“The existing refineries today are very large scale. They can’t process a very small amount of either Fischer-Tropsch crude or even green hydrogen. We need to start with smaller scale projects like ours.”

4. Sourcing green hydrogen for eFuels

Green hydrogen – produced with electricity from renewable sources – is a crucial component for eFuels, and sourcing it presents its own set of challenges.

Hebert mentions that her company has had to take the initiative to build its green hydrogen infrastructure, as existing projects were not meeting their scale requirements. This involved significant investment in electrolysers to produce green hydrogen at the required scale.

Hebert’s approach illustrates the proactive measures companies must take to ensure a steady supply of essential raw materials, amidst a backdrop where the demand for green hydrogen is increasing, but supply-side initiatives are still catching up.

“We’ve had to build our green hydrogen ourselves... we just ordered a 280 megawatt electrolyser from Plug Power to make these eFuels.”

5. The role of book and claim and corporate involvement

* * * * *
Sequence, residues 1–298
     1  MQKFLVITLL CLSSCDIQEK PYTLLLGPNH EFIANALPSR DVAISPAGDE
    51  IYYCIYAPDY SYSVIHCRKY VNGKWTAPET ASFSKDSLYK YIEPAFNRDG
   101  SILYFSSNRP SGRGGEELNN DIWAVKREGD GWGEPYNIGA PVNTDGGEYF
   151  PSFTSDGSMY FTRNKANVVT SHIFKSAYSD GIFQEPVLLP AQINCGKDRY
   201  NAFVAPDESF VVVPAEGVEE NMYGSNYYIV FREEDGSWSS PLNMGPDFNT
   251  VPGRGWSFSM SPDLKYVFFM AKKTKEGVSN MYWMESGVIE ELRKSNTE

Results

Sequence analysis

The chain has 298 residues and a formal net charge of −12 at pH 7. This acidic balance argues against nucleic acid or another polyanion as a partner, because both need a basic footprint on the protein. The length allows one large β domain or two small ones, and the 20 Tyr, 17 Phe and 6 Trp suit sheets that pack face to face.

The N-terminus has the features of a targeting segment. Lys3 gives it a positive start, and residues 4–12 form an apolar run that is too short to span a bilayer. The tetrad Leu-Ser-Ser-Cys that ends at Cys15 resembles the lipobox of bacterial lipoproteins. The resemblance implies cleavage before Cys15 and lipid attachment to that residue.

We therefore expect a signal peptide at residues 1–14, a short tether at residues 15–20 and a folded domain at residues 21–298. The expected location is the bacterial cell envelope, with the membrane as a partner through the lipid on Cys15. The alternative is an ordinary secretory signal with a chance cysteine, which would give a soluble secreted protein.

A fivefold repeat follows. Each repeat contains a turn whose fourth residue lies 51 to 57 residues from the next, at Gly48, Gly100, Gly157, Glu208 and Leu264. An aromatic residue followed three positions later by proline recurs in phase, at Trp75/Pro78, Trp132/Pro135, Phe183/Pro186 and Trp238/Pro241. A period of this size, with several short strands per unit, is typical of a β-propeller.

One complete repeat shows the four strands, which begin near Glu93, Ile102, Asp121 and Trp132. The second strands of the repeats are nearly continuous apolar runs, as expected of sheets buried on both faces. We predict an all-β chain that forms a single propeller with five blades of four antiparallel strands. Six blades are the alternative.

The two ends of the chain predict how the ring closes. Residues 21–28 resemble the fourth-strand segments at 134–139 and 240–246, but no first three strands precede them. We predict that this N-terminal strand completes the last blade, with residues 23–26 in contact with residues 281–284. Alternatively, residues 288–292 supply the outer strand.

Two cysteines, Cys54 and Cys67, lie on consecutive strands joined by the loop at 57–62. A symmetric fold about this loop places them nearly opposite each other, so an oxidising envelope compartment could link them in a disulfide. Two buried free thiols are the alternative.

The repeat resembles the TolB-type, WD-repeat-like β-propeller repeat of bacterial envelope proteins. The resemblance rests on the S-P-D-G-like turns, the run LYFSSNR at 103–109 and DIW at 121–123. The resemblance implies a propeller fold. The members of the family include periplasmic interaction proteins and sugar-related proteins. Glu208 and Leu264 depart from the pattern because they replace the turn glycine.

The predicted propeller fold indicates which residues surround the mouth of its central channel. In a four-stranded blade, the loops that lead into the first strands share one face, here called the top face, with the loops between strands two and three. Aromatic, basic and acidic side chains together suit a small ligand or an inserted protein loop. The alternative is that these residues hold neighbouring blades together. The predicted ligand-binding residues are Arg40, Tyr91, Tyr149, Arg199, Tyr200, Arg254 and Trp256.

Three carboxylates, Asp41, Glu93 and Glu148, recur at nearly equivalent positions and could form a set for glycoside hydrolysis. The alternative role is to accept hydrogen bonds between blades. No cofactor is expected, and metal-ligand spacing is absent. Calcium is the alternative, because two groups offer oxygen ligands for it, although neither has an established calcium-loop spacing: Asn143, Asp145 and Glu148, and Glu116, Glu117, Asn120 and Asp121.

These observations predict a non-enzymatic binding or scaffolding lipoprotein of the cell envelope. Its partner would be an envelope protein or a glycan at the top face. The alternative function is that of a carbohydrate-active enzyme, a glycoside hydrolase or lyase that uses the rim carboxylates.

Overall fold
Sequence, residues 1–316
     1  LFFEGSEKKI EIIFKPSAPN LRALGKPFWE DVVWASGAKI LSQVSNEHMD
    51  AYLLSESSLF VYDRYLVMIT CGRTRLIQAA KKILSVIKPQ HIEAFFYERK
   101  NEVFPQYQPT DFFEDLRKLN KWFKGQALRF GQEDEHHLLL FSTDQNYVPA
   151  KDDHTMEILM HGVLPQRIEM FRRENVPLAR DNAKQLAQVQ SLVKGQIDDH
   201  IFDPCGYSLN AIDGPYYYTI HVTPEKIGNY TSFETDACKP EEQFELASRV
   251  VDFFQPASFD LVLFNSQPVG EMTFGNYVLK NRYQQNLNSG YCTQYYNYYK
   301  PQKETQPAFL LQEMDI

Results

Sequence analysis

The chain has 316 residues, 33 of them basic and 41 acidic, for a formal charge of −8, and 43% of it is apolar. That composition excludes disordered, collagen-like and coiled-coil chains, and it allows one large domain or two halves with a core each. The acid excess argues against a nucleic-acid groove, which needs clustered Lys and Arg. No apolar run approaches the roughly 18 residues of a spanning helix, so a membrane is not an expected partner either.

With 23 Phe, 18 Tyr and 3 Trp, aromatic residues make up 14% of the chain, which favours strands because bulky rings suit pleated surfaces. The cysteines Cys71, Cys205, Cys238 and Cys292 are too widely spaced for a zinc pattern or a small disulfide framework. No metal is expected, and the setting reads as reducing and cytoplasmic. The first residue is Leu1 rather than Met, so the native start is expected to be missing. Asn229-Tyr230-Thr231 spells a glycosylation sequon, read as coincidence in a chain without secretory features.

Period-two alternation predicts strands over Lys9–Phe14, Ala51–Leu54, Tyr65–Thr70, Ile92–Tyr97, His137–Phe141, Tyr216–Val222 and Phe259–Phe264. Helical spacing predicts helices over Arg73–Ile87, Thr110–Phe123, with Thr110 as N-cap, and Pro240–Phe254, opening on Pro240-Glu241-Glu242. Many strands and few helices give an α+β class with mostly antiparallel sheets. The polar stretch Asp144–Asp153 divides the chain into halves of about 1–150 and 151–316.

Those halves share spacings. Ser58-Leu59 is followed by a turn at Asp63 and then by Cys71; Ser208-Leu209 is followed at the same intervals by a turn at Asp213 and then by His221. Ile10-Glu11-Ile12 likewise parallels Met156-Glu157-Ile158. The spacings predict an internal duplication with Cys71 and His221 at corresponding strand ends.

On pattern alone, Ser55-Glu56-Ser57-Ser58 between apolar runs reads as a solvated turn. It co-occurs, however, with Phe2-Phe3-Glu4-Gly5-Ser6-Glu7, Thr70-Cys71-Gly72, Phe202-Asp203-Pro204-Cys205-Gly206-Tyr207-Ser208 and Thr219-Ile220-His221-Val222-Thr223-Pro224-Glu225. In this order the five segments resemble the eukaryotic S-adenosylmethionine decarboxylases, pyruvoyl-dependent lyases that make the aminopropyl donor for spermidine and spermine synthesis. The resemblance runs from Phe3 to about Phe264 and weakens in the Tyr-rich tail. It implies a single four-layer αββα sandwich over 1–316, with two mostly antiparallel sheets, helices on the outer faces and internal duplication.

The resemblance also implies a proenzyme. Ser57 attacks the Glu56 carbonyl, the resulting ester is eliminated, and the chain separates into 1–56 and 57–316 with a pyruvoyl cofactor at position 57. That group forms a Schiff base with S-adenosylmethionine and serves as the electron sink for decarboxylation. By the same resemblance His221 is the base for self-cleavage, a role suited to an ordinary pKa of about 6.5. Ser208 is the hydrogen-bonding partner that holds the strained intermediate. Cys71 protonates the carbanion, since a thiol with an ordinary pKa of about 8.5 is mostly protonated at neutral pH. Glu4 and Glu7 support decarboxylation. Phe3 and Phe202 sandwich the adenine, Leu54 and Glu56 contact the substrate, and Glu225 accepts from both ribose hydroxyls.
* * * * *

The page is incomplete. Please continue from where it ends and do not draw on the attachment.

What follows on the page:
Engaging with potential customers and securing financing for SAF production is a complex endeavour.

Hebert discusses the challenge of convincing airlines and fuel distributors to commit to long-term offtake agreements, which are crucial for the financial stability of SAF projects.

She also sees potential in the book and claim system, which could play a significant role in SAF distribution, especially for corporations aiming to reduce their emissions. 

“It’s really tricky. Everybody wants to buy these fuels, but we need to raise money from debt and equity investors, which typically require 12-year take-or-pay off-take agreements.”

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‘Sustainability in the Air’ is the world’s leading podcast dedicated to sustainable aviation. Through in-depth conversations with top aviation leaders, we break through the clutter and provide a clear roadmap for a net-zero future.

Sustainability in the Air
Sustainability In The Air
Every week, Shashank Nigam, the CEO of SimpliFlying, talks to airline, airport, travel and technology executives to help make sense of the many paths to net zero, for an industry that is one of the hardest to decarbonize.
Whether you're a frequent flier, an airline executive or just love travelling, if you care about sustainable global travel, then welcome aboard.